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    Health Equity, Agency, Racism and Trauma (HEART) Lab

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    HEART Lab Goals

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    Investigation

    Lifespan investigation of how psychosocial and contextual stressors can affect both mental and physical health outcomes

    2

    Understanding

    Understanding the ways in which poor health outcomes in marginalized populations arise and are maintained by psychological and contextual/social processes

    3

    Development

    Development of culturally-relevant models for prevention-oriented interventions among underserved and underrepresented populations

  • Current Projects

    Contextual and Health Behavior Effects on Epigenetic Aging Among African Americans

    October 2019-October 2022, Primary Investigator: Carter

    The purpose of this award is to expand Dr. Carter's skill set to include new techniques in examining methylation-based mechanisms linking social influences with health and health behavior.

    Exploring the Interconnected Influence of Trauma and Racial Discrimination on Stress-Related Disorders Comorbid with HIV in African American Women

    September 2018-Present, Primary Investigator: Carter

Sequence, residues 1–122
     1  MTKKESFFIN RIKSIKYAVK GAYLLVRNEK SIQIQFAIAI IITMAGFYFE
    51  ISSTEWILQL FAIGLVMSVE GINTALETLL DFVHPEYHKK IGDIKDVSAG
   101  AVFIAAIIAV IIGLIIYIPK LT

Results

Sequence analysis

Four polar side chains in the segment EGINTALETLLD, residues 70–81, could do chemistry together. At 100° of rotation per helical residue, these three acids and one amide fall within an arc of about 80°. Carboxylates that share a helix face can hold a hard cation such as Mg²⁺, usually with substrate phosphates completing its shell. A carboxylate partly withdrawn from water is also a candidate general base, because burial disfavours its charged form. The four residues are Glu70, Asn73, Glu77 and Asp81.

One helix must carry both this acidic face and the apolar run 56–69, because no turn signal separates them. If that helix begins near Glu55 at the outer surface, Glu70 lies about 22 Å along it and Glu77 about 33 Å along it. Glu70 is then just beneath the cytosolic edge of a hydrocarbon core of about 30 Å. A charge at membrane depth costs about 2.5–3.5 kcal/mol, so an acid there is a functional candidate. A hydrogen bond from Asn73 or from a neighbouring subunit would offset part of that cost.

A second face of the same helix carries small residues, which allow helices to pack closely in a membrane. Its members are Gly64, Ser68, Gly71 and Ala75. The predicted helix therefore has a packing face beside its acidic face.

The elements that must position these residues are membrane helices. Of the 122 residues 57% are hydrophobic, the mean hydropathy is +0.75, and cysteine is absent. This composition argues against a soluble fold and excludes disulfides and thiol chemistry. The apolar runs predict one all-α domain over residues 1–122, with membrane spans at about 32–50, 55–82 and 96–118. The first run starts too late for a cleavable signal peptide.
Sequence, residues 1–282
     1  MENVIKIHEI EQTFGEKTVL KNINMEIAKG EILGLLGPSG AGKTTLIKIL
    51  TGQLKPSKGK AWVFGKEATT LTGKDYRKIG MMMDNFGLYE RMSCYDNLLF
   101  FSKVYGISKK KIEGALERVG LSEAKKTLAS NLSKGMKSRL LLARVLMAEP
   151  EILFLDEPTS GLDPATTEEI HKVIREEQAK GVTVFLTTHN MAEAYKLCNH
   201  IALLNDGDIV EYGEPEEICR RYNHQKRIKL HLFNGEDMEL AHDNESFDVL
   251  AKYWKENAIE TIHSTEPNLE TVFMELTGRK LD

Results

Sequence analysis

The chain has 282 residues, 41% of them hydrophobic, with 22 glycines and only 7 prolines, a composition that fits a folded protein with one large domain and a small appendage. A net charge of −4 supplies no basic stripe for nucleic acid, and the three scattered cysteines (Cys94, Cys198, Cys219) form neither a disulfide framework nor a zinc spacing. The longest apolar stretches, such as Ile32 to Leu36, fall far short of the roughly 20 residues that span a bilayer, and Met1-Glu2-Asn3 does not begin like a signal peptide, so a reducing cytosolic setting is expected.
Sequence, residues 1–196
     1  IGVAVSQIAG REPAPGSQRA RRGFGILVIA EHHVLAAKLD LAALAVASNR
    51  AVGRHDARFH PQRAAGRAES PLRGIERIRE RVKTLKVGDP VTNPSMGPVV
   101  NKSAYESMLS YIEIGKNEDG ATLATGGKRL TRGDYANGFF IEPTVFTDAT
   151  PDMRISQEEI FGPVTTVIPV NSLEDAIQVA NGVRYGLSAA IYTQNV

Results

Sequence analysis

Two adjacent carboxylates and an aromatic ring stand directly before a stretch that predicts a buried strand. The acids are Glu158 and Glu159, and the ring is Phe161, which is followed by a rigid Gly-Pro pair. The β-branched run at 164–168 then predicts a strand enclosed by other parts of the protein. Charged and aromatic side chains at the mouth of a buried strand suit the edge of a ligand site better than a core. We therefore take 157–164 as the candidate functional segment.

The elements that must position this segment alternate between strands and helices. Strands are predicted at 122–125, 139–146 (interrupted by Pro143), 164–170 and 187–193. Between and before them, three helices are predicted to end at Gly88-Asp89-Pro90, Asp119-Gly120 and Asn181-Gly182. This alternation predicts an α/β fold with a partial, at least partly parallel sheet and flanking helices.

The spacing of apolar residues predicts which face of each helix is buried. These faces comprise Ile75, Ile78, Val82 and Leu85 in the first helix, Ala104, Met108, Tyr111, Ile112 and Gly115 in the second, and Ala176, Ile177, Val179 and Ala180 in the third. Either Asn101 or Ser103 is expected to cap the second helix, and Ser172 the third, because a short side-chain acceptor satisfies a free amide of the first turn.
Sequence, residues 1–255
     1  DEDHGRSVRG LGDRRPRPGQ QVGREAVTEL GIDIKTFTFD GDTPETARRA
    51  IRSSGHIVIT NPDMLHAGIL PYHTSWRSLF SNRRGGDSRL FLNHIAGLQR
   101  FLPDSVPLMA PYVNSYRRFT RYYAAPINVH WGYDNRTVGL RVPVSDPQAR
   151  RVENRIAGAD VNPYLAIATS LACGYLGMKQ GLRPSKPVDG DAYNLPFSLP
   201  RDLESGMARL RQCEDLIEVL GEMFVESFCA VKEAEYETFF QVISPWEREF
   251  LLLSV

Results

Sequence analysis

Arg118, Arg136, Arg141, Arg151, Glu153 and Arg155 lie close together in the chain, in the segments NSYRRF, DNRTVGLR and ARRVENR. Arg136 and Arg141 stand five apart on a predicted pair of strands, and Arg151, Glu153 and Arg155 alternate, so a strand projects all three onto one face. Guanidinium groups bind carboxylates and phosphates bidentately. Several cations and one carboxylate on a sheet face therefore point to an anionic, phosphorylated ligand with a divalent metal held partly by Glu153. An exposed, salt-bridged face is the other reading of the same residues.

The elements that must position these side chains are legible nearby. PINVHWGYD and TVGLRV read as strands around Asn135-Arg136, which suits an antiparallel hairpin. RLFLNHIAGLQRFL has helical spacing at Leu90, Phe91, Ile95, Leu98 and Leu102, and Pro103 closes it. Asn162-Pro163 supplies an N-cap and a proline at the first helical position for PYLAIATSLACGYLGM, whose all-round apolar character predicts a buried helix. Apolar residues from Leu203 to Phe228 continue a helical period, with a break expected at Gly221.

This pilot grant utilizes qualitative, quantitative, and psychophysiological assessments to understand the multifaceted experiences of HIV-positive and HIV-negative African American women.

  • Completed Projects

    Exploring Synergies Between Parent Life Experiences and Positive Parenting: A Feasibility Study of Self Care with African American Mothers Who Have Experienced Prior Trauma

    January 2019-October 2019, Co-Primary Investigator: Carter

    This pilot project examined the feasibility and initial outcomes of African American mothers with high levels of trauma exposure who participate in Safe Care.

  • Heart Lab News

    Check Out What We've Been Up To!

  • The Team

  • Executive Director

    Dr. Carter

    Executive Director

    Dr. Carter examines how racial and cultural characteristics (e.g., racial identity, Africentric worldview, racial composition of communities, and place-based factors) influence health. A common theme in her work has been examining how racial discrimination effects development and exacerbation of chronic illnesses. She aims to enhance our ability to tackle health disparities in underserved and underrepresented communities.

  • Graduate Research Scholars and Staff

    Simone Sanders

    Graduate Student

    Simone is a first-year graduate student at GSU. She received her B.A. in Clinical Psychology from Tufts University in 2018, and since then, she has worked as a clinical research assistant in the Psychosis Research Program at Beth Israel Deaconess Medical Center in Boston, MA. She is interested in exploring the intersectionality between generational trauma and psychosis within the Black community, and she is interested in contributing to the development of culturally-informed interventions for racial/ethnic minority individuals experiencing complex mental illness.